Cam Cope goes where other photographers won't

"In a lot of countries, if your camera is big enough, people assume you’re meant to be there."
Wrestlers, Senegal © Cam Cope
By Jo Stewart

From talking his way into a Senagalese wrestling competition to winning Travel Photographer of the Year and teaching aspiring photographers how to use their tools, Cam Cope has carved a killer career out of knowing his way around a camera.

Here, the Melbourne native lets us in on his techniques for getting the best out of the people and places he's been lucky enough to encounter.

Where has your photography career taken you Cam?
I’ve been sailing in Patagonia, hiking in Mongolia, road tripping through West Africa and sailing on a vaka (a traditional Polynesian canoe) in the Cook Islands. I’ve taken photos at festivals around the world, including Carnaval in the Seychelles, the Creole Festival in Mauritius, and the New Year Festival in Bhaktapur, Nepal. That was freaking wild.

Where have your images ended up?
My images have been published in travel magazines and books, and featured in exhibitions. A lot of them are just on my hard drive though. I see travel photography as a bit of a pretend genre. I prefer to see myself as a documentary photographer. I explore narrative with my photos because I want to show what’s happening. I am of course interested in the history, food and culture of the places I visit, but I really want to tell a story with the images I take.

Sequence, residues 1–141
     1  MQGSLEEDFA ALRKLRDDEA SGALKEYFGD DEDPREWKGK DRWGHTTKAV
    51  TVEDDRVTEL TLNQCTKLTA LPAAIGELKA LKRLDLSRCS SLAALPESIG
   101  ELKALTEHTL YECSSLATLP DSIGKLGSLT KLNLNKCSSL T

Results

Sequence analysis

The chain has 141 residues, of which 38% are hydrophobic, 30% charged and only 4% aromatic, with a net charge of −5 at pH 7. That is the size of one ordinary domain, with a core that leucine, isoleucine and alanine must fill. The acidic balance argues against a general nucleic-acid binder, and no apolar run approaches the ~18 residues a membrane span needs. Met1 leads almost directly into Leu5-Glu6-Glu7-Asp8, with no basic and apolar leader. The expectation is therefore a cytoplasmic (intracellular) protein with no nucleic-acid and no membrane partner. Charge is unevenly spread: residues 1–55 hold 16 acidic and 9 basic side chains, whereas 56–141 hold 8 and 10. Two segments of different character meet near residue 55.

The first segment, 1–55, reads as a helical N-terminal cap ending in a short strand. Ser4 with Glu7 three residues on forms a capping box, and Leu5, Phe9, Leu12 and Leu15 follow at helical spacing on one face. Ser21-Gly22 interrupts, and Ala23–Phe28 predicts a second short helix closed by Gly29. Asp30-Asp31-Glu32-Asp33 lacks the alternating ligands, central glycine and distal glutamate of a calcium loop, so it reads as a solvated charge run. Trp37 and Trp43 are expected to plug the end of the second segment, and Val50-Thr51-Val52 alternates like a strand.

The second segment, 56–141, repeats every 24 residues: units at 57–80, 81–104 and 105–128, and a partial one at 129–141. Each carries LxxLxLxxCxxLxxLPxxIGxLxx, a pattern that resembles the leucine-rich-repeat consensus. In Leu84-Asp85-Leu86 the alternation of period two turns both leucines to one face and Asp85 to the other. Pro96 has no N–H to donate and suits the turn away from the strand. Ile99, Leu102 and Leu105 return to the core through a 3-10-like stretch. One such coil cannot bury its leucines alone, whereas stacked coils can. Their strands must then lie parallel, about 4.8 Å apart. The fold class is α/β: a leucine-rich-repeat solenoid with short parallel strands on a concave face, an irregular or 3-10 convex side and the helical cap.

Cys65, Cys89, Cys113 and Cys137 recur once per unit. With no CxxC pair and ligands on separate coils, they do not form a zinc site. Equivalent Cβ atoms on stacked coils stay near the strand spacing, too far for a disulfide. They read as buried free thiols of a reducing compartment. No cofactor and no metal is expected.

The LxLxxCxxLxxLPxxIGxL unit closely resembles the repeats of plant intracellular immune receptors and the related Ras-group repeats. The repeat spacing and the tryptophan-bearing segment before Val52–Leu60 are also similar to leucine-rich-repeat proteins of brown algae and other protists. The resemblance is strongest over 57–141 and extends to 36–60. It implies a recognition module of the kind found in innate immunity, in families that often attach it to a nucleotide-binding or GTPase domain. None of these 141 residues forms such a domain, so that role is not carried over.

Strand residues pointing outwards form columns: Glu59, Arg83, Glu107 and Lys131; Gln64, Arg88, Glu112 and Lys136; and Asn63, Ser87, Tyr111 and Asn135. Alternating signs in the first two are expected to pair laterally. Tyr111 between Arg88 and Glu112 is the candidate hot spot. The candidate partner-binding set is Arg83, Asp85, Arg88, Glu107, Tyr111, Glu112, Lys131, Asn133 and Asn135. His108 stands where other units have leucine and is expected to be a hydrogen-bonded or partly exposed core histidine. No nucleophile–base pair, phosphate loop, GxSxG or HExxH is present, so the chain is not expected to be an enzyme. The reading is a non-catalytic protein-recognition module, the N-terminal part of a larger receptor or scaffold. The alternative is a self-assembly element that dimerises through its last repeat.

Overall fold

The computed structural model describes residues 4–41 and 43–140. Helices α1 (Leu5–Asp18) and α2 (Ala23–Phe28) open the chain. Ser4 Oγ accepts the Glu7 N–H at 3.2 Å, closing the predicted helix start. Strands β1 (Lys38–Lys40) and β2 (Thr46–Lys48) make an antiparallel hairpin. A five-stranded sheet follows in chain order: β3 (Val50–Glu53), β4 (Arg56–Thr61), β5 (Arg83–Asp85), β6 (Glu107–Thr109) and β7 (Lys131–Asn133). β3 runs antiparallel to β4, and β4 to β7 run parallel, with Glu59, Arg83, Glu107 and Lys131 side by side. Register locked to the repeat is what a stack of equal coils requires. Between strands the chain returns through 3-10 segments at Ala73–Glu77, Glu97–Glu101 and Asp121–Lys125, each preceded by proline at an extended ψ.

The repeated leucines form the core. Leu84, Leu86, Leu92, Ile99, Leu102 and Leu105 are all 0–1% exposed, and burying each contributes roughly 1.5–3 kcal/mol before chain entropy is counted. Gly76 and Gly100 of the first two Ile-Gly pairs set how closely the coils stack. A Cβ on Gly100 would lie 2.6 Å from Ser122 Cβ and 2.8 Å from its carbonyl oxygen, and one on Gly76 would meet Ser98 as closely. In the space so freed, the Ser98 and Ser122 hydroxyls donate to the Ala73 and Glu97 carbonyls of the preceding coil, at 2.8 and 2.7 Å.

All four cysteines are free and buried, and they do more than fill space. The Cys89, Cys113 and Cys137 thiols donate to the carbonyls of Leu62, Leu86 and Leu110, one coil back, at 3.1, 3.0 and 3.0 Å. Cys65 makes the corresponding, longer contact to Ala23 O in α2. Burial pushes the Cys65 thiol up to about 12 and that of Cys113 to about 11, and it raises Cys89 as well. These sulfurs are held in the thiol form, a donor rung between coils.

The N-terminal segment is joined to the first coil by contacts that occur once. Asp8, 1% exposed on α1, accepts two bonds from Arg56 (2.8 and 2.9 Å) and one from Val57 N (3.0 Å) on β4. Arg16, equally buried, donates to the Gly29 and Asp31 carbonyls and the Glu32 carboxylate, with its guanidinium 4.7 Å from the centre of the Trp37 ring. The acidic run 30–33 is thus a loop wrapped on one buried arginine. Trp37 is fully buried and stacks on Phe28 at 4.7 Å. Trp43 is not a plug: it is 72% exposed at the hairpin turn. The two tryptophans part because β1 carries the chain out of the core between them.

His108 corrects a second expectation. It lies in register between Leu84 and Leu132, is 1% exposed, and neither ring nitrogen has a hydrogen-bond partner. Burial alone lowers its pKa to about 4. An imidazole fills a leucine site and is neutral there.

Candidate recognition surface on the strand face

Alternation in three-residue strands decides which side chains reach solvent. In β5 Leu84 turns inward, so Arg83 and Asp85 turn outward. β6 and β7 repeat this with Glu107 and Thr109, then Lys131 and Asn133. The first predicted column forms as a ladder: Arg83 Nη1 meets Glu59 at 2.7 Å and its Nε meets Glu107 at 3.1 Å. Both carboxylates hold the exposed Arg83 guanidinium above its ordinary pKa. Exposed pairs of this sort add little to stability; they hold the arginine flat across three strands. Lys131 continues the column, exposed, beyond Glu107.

Many of your images capture people in developing nations. How do you go about photographing people who may be vulnerable, living in poverty or experiencing hardship?
You constantly have to grapple with ethical and moral decisions, but really there is no right or wrong. That’s something I teach in my travel photography class. You have to follow your own moral compass, and that may not necessarily align with legal frameworks. Yes, you may have the legal right to photograph someone and use that photo without their permission, but just because you can, doesn’t mean you should.

What I’m interested in doing is establishing relationships. I call it ‘social license’. It’s when you take the time to get to know another person or a community. To establish trust and establish boundaries you have to have clear conversations about what you’re doing and what your intentions are. From those conversations you then might go and do something together.

Local portrait, Gobi Desert © Cam Cope

Do you have any examples of how that idea works in the real world?
Well, one time I got stuck in Mauritania waiting for a visa to come through to travel onwards to Senegal. I had a lot of time on my hands so I made friends with some fisherman. I met them on the beach and negotiated a way for me to go fishing with them 25km off shore. I ended up hanging out with them and becoming friends with them. We watched football games together and I had dinner with their families.